Non-Clear Cell Renal Cell Carcinoma: Interpreting Data With IO/TKI Combination Therapies


Key opinion leaders in the field of renal cell carcinoma management reflect on recent data with IO/TKI combination therapy in patients with non-clear cell disease.


Brian I. Rini, MD, FASCO: There [were] also some updated cabo/nivo [cabozantinib/nivolumab] [data]—since you all alluded to it somewhat—that Joe Lee also presented from the phase 2 trial. This is a little smaller trial but similar; [it] was 47 patients. They actually took the chromophobe out because chromophobe’s been historically immune unresponsive. Those 7 patients were in what’s called cohort 2, and the 40 of [those with] everything else non–clear cell—papillary, unclassified translocation—were in cohort 1. Standard cabo/nivo dose of 40 mg in this combination, as you all know.

They presented PFS [progression-free survival] and OS [overall survival] [data]; this median PFS was 13 months. So again, we’re comparing small numbers across trials but a decent PFS, as high at least numerically as [what] we saw with len/bro [lenvatinib/pembrolizumab]. And I would argue [OS] [was] a little hard to interpret in this single-arm study. And then because we like to say we can’t compare, but then go ahead and compare, these are the data for both len/pembro and cabo/nivo that we talked about. You can see there are some differences between the trials. So again, comparing small numbers, but differences between the trials. So...just a question for the group. Moshe, I’ll start with you again. You said you...use both. And is that a toxicity decision? Are you...using you might in clear cell? How are you deciding if you’re giving an immune-based regimen, as you just said? How are you deciding which one to use?

Moshe C. Ornstein, MD, MA: So, for the [patients with papillary [disease]...cabozantinib [plus] nivolumab was approved first in the clear cell setting. And I shifted to that fairly quickly, even for patients with metastatic papillary RCC [renal cell carcinoma]. So that...became the default for those patients as these len/pembro data were published. And when len/pembro was approved in the clear cell setting, much like [for] the [patients with] clear cell [disease], I began to shift my practice more toward len/pembro. Just in general, again, when you look head-to-head, we do see really better response rates. Overall, you’re seeing a better PFS. So, I’ve shifted my patients for the most part to len/pembro, but I do think that both of them are good options.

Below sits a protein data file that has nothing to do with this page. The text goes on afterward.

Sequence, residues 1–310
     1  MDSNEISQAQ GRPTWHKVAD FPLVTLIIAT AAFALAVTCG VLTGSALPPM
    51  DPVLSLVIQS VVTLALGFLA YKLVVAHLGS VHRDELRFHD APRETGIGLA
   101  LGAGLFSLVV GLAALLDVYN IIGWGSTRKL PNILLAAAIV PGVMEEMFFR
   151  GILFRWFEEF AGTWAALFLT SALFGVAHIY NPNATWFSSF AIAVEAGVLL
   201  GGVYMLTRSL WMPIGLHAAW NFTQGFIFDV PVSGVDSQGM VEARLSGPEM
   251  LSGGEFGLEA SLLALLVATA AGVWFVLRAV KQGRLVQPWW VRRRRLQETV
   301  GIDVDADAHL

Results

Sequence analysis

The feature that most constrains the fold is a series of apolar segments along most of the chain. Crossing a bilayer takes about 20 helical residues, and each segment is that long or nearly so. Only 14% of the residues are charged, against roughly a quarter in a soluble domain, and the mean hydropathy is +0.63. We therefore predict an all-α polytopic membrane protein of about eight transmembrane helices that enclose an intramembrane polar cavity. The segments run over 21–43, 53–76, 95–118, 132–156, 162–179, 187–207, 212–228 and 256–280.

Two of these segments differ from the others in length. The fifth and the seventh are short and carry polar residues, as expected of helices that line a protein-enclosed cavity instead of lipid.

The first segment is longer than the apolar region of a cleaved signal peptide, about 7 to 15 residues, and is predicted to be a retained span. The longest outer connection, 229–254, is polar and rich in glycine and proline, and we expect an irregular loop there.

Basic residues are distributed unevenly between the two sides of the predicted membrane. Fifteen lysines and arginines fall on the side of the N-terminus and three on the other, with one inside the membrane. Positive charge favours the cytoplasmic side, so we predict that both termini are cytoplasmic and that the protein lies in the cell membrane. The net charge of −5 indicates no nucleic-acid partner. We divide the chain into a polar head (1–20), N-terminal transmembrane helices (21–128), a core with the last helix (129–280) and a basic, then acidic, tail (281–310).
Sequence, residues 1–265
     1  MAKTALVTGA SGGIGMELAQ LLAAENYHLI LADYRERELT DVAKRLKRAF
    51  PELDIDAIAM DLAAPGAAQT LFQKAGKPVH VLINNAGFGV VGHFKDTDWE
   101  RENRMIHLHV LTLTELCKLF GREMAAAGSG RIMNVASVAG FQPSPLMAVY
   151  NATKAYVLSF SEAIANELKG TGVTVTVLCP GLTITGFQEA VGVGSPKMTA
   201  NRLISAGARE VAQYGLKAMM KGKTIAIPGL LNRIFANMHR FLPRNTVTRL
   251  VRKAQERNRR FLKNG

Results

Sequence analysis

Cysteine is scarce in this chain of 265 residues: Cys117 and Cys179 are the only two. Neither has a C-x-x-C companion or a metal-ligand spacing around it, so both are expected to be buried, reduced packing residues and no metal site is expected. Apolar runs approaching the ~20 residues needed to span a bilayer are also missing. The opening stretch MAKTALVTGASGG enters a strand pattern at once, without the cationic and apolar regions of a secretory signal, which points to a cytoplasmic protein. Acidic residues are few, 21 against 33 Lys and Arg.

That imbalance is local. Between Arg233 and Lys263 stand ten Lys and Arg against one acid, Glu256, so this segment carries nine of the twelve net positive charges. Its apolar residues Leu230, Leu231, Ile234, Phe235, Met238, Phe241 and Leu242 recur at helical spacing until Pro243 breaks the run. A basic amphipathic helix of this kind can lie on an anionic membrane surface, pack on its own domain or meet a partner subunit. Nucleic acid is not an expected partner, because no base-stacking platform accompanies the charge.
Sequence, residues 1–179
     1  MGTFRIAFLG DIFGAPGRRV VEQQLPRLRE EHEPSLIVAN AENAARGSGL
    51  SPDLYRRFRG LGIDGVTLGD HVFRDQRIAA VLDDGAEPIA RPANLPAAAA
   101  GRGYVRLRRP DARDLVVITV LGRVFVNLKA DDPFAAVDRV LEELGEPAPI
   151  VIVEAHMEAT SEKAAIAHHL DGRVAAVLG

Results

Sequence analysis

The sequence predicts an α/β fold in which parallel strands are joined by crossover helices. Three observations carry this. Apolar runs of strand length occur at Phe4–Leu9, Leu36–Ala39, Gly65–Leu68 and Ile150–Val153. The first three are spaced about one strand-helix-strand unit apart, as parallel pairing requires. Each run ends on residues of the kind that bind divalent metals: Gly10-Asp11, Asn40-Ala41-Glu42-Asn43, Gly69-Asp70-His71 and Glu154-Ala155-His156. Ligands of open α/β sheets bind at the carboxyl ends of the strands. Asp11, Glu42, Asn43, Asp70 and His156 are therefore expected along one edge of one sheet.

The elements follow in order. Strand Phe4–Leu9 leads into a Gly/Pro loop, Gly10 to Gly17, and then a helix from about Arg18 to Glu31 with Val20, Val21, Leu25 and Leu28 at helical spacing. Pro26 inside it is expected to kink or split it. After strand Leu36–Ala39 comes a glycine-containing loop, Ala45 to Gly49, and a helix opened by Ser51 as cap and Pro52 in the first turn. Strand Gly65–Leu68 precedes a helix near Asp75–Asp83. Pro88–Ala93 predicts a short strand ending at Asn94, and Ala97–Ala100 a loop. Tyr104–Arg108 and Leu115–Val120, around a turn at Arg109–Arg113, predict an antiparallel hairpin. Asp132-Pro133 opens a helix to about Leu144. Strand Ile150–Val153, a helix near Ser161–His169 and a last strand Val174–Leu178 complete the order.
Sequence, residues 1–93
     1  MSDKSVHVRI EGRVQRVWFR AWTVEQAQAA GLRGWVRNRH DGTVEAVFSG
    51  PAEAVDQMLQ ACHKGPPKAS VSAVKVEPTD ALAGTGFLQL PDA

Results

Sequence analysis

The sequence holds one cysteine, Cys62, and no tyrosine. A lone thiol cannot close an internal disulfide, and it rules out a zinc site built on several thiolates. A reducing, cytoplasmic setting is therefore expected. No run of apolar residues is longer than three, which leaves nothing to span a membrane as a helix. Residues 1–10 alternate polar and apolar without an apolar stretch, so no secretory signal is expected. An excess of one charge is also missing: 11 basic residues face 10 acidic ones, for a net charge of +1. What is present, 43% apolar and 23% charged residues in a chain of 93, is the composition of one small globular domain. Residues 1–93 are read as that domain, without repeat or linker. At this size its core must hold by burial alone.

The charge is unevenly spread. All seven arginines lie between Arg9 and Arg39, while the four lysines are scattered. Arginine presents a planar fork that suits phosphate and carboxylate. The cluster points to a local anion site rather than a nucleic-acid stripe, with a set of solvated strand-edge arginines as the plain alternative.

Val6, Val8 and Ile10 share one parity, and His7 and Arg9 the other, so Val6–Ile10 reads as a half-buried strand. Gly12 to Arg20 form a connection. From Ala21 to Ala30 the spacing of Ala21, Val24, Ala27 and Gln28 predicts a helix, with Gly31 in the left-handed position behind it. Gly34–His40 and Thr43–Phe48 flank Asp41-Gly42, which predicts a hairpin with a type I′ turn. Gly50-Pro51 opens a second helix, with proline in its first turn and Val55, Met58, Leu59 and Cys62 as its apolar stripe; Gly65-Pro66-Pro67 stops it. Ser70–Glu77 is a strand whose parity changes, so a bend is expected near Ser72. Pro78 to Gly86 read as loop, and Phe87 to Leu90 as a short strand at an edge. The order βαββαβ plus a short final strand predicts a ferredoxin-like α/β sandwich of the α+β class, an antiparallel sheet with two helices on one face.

Brian I. Rini, MD, FASCO: Betsy, anything to add to that?

Elizabeth R. Plimack, MD, MS: No. Good summary, I agree.

Brian I. Rini, MD, FASCO: Bob, you were involved in both these trials. Do we need to do more with this? Do we need a randomized trial? Is that ever going to happen, or are we...going to stuck with these phase 2 data sets and make decisions?

Robert J. Motzer, MD: What I’d like to see is a little bit more development of actual targeted drugs to these cell types.... The number of these non–clear cell types has expanded dramatically. And we really...haven’t defined good targets or drugs that target this. I’d like to see a targeted approach. The other thing that was interesting is we really felt there was no activity for IO [immuno-oncology] therapy in chromophobe, where for the most part my preferred regimen has been lenvatinib/everolimus, and then when lenvatinib is included with pembro, we are seeing some activity in this trial. makes you wonder...what aspect of that, whether it’s the lenvatinib, that’s...contributing to that activity. But...this is an understudied, very difficult group to study. We may be left with it with large phase 1 trials to help us identify best therapy.

Brian I. Rini, MD, FASCO: Yeah, I was going to ask that. Len/everolimus has activity, although those trials are tiny...and people quote’s 4 of 9 patients for everolimus. But people quote that number.

Transcript is AI-generated and edited for clarity and readability.

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